His past surgical history was significant for laproscopic sleeve gastrectomy and hernia repair performed 11 months prior for his morbid obesity. His other medical history included OSA. His only home medication included was sildenafil for erectile dysfunction. He denied any history of using tobacco products or recreational drugs, and drank alcohol occasionally.

At presentation, his blood pressure was 120/82, heart rate of 78 beats per minute, respiratory rate of 16 beats per minute, and body temperature of 98 fahrenheit. His abdomen was soft, though he expressed diffuse tenderness, which was more pronounced in his left upper quadrant. However, there was no rebound tenderness or rigidity. Bowel sounds were normoactive, and the rest of his physical examination was within normal limits.

His labs on admission showed no leukocytosis, and amylase, lipase, lactic acid level all were normal with no basic metabolic profile abnormality. Computed tomography scan of abdomen and pelvis with IV contrast showed Proximal Superior Mesenteric Artery Thromboses (e.g. Figure 1).

The patient was initially treated with famotidine, intravenous morphine, and normal saline. All hypercoaguable blood tests were found to be negative. The patient was started on unfractionated heparin. Serial abdominal examination was done to monitor the patient’s abdominal pain for acute abdomen and bowel ischemia. Once the patient did display worsening syptoms, he was started on enteral feeding as tolerated. A transesophageal echography was performed and showed no evidence of emboli. On the third day, repeated CT angiography of the abdomen and pelvis showed thrombus extend from the proximal superior mesenteric artery (3 cm distal to the origin), with partial dissection of the superior mesenteric artery (e.g. Figure 1).

Figure 1. CT angiography of thrombus within the superior mesenteric artery and dissection flap

However, the patient’s abdominal pain decreased significantly, and he was tolerating oral diet. No surgical intervention was done. Warfarin was bridged with heparin, and then heparin was discontinued after reaching the target INR of 2-3. Implantable recorder did not detect any arrhythmia and concluded that the thrombus was not cardiac in origin. The patient was discharged to home, with continuous follow up of INR. Three months later, repeated CT angiography showed thrombus had resolved, with no signs of bowel ischemia or bowel necrosis. Symptoms had not recurred in this period, however dissection had persisted.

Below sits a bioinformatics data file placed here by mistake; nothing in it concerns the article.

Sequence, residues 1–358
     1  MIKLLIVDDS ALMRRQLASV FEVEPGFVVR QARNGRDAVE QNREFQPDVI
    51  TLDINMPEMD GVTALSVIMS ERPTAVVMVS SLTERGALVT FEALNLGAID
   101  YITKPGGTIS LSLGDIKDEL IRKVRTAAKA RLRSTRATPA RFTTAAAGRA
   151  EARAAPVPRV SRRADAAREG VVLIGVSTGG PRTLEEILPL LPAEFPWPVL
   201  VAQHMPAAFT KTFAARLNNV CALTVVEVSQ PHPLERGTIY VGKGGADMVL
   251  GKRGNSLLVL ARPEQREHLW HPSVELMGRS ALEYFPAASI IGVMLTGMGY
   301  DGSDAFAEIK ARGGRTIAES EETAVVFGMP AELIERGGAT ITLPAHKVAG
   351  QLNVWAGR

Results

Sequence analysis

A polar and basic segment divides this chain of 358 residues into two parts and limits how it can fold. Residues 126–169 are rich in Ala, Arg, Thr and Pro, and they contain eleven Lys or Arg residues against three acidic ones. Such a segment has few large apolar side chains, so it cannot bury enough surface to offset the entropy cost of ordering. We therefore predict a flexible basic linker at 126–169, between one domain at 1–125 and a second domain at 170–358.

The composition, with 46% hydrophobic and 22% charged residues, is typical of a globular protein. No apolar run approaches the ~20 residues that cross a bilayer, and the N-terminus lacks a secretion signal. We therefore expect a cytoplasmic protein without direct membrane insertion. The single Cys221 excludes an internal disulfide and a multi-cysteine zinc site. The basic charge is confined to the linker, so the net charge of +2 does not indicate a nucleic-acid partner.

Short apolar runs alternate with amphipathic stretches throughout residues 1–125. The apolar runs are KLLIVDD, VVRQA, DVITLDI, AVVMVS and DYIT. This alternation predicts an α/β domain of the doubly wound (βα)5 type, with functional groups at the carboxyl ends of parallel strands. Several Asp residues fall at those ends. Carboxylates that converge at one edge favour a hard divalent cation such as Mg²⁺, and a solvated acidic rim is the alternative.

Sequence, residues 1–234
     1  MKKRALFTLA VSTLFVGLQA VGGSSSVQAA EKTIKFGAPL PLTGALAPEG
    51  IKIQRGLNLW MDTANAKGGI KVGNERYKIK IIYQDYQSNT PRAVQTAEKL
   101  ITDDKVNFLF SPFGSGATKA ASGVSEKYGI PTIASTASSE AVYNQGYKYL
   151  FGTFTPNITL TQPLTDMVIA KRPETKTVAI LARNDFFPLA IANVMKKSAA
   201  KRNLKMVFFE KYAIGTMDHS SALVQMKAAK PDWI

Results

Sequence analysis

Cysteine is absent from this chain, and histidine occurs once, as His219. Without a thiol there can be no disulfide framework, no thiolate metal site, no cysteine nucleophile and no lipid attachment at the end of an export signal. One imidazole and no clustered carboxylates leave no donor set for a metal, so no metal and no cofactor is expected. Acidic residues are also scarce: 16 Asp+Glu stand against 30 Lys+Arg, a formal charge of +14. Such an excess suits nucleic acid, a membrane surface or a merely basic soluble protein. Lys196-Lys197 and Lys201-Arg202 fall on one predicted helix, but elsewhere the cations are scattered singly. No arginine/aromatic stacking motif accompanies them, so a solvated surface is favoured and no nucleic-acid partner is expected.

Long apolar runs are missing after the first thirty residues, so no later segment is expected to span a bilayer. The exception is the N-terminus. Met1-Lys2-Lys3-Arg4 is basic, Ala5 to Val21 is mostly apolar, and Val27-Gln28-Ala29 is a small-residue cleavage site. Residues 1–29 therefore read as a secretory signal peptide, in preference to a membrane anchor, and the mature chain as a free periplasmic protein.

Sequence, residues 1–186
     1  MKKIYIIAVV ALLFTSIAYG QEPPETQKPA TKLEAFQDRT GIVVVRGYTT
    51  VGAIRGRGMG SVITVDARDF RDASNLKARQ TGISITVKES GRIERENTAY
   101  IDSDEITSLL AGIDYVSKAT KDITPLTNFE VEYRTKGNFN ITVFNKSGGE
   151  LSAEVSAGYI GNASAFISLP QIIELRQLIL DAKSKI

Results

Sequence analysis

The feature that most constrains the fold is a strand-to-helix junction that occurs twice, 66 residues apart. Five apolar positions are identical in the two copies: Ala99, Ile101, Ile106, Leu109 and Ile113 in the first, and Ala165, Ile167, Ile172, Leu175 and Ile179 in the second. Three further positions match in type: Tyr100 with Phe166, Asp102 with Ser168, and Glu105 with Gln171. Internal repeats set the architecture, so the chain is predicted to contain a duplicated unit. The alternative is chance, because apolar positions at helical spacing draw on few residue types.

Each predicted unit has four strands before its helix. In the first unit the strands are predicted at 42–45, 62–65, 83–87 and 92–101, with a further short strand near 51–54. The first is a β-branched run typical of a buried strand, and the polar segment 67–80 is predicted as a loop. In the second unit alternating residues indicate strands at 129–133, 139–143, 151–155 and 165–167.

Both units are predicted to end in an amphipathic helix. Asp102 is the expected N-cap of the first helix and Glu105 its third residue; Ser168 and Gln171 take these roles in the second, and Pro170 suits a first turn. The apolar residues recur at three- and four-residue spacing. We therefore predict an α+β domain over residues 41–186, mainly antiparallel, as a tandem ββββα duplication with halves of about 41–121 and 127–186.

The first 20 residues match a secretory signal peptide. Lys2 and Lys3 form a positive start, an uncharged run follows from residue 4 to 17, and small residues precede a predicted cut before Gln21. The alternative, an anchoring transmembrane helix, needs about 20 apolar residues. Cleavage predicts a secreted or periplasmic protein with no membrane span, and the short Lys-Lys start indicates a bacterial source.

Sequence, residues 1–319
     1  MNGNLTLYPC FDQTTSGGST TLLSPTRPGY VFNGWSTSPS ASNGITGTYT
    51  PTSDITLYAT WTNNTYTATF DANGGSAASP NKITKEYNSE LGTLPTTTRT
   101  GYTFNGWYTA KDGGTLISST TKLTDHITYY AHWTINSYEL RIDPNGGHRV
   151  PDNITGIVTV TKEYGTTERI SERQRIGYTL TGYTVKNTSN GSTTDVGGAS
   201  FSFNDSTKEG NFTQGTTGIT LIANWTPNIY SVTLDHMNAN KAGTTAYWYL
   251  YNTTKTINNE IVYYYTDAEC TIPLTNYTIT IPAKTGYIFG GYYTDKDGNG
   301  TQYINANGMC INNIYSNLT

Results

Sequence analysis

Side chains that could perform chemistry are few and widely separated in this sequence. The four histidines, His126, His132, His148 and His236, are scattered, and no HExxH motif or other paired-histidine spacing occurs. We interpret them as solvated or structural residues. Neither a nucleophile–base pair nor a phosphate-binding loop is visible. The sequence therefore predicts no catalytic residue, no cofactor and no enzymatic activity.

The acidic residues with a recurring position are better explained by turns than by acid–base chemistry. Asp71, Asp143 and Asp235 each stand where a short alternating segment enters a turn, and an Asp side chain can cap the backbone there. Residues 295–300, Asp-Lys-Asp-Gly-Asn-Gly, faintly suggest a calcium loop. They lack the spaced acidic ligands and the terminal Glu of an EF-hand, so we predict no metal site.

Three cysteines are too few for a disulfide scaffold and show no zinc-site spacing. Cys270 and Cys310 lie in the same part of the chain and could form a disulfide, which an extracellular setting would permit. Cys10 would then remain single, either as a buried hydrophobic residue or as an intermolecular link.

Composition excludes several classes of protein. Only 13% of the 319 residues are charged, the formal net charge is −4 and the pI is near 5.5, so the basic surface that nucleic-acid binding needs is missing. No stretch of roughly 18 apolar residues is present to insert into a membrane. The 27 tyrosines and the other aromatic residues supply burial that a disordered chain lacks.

3. Discussion

Acute mesenteric ischemia is a condition in which mortality may reach from 64 to 93% if not diagnosed early [6]. Various conditions leading to ischemia include: heritable thrombophilia, acquired thrombophilia, cardiac arrhythmia, congestive heart failure, recent myocardial infraction, advanced atherosclerosis, hypotension, sepsis, intraabdominal pathology or idiopathic [2, 6]. There are two types of types of mesenteric ischemia: venous and arterial. Mesenteric venous thrombosis is more common than arterial [6]. Of the peripheral arteries, the superior mesenteric artery is the second most common artery [16]. Acute thrombosis of the superior mesenteric artery (SMA) can lead to intestinal infarction and is associated with a mortality rate of around 65% [3, 6, 7].

Causes of mesenteric artery occlusion may be secondary to thrombi and/or abnormal cardiac activity, including atrial fibrillation, cardiac arrhythmia, and myocardial infarction [4]. Laproscopic sleeve gastrectomy has been identified as one of the possible cause of portomesenteric venous thrombosis but its association with SMA thrombosis or dissection has not been established [17]. Bariatric surgery patients can be susceptible to thromobotic events because of potential hypercoaguable state. The hypercoaguability is likely because of increased release of coagulation factors and fibrinogen associated with metabolic syndrome [18].

Clinical presentation and duration of symptoms help to differentiate the management of the disease. However, it may be difficult with elderly patients, since their symptoms can be masked or not clearly present. Biochemical examination and imaging are important tools in establishing a proper diagnosis of AMI by identifying signs of elevated WBC, amylase, LDH, etc. [3].